At a young age I realized that I am attracted to women and began longing for a feminine lesbian with long, blonde hair to sweep me off my feet. Along she did come, with her extra-long, blonde hair, her beautiful smile and, surprisingly, a Southern drawl. I never expected to find myself with a partner from another country. I'm British and have lived in the UK my whole life. In the beginning, having to deal with the distance between the UK and Hawaii was the toughest obstacle, but what happens when one partner can't expect to be sponsored for citizenship in the other's country?
I've been rather lucky to grow up in the UK, with its introduction of civil partnerships in 2004. Not only can same-sex couples have a legally binding commitment to demonstrate our love, but doing so also confers immigration rights. In discovering that I had no options for permanently joining the love of my life in Hawaii, we realized that the only option was for Whitney to move to the UK. When we first applied for Whitney's visa to the UK, to our horror, it was denied. Our dreams of living together in the UK were dashed, and we had to go our separate ways after my three-month visitor's visa to the U.S. ran out. We had to wait a whole year until we could apply for Whitney's second visa to the UK, all the while scared about what might happen if it were denied too. What would our other options be? We wouldn't be welcomed or legally recognized in the U.S. Where else could we go? Would we both have to leave our countries in the name of love? It greatly saddened us that the U.S. could not be an option, that I would never be able to fully enjoy the culture that she has grown up in.
I proposed to Whitney in Hawaii on May 17, 2011, and on Sept. 28, 2012, we had a beautiful, intimate ceremony in the UK. After we'd been maintaining a long-distance relationship for four years, Whitney's visa to the UK had been approved. We were finally able to say "good riddance" to the heartache and the times apart and begin our "happily ever after" together. However, in order to do so, Whitney had to leave the country she had grown up in her whole life. The U.S. essentially pushed out a stunning, charismatic and wonderful American citizen who would have surely gone on to have a fanastic career there. As former U.S. Rep. Jim Kolbe (R-Ariz.) recently pointed out, not only do the current U.S. immigration policies toward same-sex couples tear families apart, but they also damage the economy.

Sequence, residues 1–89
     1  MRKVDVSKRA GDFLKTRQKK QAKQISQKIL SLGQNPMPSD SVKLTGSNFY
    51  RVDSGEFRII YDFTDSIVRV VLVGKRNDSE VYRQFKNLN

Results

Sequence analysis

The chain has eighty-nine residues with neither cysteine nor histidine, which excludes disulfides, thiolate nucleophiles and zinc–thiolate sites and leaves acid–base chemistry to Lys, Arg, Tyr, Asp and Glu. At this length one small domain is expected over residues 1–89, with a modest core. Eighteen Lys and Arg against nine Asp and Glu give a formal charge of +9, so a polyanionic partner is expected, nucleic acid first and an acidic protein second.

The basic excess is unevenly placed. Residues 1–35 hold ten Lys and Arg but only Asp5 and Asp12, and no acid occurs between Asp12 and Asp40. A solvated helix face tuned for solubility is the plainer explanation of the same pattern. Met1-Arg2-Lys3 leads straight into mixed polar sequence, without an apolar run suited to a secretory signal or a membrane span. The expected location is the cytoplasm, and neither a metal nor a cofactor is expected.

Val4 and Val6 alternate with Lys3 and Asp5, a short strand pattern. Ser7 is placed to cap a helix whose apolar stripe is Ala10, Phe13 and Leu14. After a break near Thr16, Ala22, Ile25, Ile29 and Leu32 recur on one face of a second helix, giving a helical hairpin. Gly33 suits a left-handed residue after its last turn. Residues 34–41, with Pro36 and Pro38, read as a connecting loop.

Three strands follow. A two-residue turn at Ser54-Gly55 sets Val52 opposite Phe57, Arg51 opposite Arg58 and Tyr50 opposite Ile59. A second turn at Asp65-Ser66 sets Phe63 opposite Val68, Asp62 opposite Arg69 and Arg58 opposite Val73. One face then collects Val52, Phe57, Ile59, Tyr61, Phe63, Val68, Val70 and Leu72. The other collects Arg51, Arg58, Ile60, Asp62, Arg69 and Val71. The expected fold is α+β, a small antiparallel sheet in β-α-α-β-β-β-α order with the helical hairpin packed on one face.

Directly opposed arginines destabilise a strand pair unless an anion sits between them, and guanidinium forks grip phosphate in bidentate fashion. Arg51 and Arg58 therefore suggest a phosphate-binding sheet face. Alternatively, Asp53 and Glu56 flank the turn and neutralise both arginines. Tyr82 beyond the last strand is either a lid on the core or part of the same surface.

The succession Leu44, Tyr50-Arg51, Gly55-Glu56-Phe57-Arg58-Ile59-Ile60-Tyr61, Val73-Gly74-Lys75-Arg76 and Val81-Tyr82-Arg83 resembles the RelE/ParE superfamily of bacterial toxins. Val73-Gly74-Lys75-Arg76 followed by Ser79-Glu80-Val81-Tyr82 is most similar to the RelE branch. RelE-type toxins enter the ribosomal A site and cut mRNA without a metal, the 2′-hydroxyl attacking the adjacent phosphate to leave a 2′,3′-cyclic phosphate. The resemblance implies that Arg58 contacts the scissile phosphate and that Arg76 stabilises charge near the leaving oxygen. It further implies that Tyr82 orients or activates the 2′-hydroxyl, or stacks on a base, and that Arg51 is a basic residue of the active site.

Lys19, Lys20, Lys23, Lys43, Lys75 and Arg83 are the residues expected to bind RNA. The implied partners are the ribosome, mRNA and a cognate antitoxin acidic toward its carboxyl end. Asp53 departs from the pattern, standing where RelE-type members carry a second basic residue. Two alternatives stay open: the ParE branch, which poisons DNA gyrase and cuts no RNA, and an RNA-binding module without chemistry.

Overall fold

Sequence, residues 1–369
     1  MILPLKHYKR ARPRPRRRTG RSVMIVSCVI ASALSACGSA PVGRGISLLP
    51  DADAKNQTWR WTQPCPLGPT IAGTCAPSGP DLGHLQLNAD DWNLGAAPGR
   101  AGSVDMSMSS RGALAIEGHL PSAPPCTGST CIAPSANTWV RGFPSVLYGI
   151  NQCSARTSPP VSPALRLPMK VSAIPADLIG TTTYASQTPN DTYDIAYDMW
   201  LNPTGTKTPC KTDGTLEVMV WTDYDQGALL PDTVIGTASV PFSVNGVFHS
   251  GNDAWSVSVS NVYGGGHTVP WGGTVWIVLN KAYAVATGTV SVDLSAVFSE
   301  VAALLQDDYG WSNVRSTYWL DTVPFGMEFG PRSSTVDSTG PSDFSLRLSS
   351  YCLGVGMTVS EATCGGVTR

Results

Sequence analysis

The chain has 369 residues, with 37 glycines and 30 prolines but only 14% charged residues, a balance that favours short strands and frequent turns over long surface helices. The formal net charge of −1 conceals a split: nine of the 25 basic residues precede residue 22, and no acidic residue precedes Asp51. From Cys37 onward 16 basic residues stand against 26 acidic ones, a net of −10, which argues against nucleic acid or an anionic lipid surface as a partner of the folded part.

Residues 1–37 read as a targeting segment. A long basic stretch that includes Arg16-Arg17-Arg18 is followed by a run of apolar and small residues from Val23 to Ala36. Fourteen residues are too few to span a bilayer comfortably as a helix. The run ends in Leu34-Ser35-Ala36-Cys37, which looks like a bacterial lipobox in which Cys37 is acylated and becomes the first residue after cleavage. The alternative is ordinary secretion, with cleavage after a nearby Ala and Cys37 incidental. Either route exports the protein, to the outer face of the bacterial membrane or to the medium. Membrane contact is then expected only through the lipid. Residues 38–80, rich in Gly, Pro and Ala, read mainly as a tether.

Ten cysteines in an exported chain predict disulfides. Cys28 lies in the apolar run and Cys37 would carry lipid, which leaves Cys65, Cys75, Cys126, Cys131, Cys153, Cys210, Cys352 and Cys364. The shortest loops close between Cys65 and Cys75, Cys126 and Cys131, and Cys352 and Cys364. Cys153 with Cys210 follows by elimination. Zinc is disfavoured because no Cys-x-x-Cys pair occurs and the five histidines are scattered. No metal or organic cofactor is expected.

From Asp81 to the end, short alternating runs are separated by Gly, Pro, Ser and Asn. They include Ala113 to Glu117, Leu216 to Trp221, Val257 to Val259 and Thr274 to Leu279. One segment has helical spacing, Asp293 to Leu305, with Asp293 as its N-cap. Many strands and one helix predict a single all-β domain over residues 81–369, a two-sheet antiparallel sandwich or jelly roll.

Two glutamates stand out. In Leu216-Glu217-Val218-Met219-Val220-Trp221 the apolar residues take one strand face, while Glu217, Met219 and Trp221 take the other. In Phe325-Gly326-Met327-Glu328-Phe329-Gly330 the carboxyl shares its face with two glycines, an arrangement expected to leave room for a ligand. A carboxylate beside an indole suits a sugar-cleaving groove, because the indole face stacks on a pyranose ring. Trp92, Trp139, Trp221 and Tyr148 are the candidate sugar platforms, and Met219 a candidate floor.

Now that we are fully settled into our lives in the UK, we are as happy as can be that we never have to be apart. However, we want to be able to have the option of moving back to the U.S. one day, so that we can spend quality time with her mother and family. We want our future children to know where "Mom" came from. We love the fact that the UK has welcomed us and enabled us to conquer a long-distance relationship, but that shouldn't mean that Whitney can never call the U.S. her home again. We know many straight British-American couples who have moved to the U.S. with no difficulties for the British partner. Binational LGBT families in America are gravely frightened of being torn apart because same-sex couples are not offered the same immigration rights. We should be treated as equals, and not as "less than" in the eyes of the law. I hope that as the U.S. Congress moves forward with immigration reform, it takes into account the many LGBT families it currently exiles or tears apart. Whitney and I want to be able to return to the U.S. together and not to be asked whether we are sisters, cousins, friends... anything other than what we actually are, which is wife and wife. We crave this recognition from our peers as well as from the governments of the countries we call home.
Surviving a distance of over 7,000 miles is hard enough. It's time we were offered the same rights to say "I do" to marriage and immigration rights.
To follow on our journey, visit whatwegandidnext.com.